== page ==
The Samsung Galaxy Note II is big. Colossally big. Funny big. Write down every adjective you can think of to change the description of something big and it will most likely fit the description of the Galaxy Note II. It's important to get this inescapable description out of the way as anyone who sees or holds the Galaxy Note II will have no choice but to be amazed at how big the phone and tablet are.
The same situation led doubters to believe the original Galaxy Note was too big to be successful, but millions of phones later sold turned out to be a false prediction. Despite the size of its build, the Galaxy Note II isn't over the top in everyone's eyes or hands. How does the newest super-large handset from Samsung manage to draw the line between too big and too good to go without? Read below to find out.
The Samsung Galaxy Note II is actually slimmer and thinner than its predecessor. Despite enlarging the screen to 5.5 inches, the phone is 80.5 mm x 151.1 mm x 9.4 mm (3.14 inches x 5.94 inches x 0.37 inches). That's slightly smaller than the original Galaxy Note, but the newest Note doesn't compress enough to be mistaken for anything but a juggernaut. In addition to a Samsung Galaxy Nexus, the Galaxy Note II looks bigger than normal. It looks larger than life next to a Motorola DROID RAZR M.
One-hand operation is feasible with the Galaxy Note II, but cumbersome. When users try to get a thumb across the screen, they inevitably hit the back or menu button unless they always remember to arch and bow in a delicate dance. Surprisingly, the 180g phone isn't heavy, which makes it a lot easier to use. While the size of the phone may seem daunting to some, the weight of the phone certainly isn't. The thin profile and lightweight frame also make it easy for the phone to fit comfortably in jeans pockets or purses.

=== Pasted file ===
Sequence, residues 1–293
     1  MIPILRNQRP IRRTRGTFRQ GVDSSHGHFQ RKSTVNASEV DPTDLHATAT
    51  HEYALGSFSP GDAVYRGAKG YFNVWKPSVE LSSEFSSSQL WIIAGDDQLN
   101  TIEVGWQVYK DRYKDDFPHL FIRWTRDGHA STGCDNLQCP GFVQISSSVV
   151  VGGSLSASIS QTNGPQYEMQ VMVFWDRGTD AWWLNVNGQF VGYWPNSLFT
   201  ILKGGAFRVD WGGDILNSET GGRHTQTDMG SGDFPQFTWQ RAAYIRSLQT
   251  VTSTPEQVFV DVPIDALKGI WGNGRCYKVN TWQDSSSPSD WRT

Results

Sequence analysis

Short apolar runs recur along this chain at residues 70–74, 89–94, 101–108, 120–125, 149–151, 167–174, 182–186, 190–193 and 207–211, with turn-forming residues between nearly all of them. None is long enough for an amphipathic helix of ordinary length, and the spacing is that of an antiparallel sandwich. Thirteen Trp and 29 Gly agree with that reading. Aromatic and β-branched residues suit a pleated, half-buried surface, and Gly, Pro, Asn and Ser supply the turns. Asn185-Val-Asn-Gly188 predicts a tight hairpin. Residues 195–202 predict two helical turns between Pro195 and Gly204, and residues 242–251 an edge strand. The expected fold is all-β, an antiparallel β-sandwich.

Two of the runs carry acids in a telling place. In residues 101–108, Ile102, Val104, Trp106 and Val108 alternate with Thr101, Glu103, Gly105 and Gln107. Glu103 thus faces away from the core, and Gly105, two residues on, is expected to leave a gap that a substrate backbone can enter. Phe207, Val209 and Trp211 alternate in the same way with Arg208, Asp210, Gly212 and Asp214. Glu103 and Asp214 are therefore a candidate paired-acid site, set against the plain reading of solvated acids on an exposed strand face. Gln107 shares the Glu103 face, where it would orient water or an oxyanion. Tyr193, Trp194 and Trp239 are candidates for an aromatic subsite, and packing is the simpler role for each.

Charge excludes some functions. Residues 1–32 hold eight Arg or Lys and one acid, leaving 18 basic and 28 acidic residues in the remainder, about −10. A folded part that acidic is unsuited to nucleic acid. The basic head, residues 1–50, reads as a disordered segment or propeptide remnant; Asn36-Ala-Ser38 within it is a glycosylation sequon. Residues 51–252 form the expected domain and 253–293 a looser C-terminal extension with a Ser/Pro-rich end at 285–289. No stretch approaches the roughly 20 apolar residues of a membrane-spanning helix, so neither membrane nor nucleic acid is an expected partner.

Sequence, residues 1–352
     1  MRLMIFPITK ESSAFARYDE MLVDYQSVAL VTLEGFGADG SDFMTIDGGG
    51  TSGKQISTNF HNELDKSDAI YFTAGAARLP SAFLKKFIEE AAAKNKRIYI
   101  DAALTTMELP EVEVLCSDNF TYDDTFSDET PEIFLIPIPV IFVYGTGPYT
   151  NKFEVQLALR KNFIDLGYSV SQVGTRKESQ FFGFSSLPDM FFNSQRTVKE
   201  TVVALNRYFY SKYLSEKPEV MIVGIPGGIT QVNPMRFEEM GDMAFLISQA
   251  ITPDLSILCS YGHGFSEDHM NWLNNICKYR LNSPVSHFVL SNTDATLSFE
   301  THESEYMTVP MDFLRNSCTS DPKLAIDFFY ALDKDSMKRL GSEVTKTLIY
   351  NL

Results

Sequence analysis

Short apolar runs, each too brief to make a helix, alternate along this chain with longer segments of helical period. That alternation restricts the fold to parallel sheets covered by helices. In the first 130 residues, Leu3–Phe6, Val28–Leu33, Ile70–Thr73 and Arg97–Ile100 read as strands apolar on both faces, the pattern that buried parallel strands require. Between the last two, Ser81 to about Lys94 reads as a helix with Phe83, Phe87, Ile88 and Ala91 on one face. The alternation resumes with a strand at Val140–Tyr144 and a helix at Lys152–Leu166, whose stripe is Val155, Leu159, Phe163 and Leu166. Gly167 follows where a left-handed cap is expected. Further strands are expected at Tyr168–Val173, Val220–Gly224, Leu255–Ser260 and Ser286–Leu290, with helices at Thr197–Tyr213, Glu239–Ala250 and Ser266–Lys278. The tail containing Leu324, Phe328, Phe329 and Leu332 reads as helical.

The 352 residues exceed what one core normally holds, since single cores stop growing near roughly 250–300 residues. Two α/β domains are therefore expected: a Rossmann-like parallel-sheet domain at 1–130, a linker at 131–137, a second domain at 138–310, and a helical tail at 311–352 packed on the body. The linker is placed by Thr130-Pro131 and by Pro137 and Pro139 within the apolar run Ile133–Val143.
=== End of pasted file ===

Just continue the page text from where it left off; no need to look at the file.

There's a reason for all of this size: a big screen and deliberately trying to be both a phone and a tablet. Just as the original Galaxy Note felt like a bigger Galaxy S II, the latest Galaxy Note feels like an extension of the design of the Galaxy S III. The phone has a large 5.5-inch HD Super AMOLED screen with a thin bezel that floats smoothly from edge to edge. Consumers often complain about AMOLED screens that have a bluish tint, but the Galaxy Note II display doesn't suffer from this problem. The screen has an HD resolution of 1,280 x 720, which displays colors and text neatly and cleanly – cleaner than the Galaxy S III in fact – and at the right intensity. Simply put, photos, videos, and text look great on the Galaxy Note II.
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Samsung also continues its design philosophy of using physical home, back and menu buttons instead of the virtual button maker proposed by Google. The corners of the device are smoothly curved, and a hard silver rim accentuates the edges of a glossy plastic finish available in marble white or titanium gray. The main differentiator, and possibly the best ally in justifying the handset's dimensions, is the S Pen in the lower right corner of the Galaxy Note II. The S Pen is a specialty pen that enables various software functions and handwriting and drawing, which is what the Galaxy Note does II makes it so unique. The Wacom pressure sensitive digitizer is incredibly light and easy to use when used with the large Galaxy Note II screen. It is then safely plugged back into the back of the device when it is no longer needed.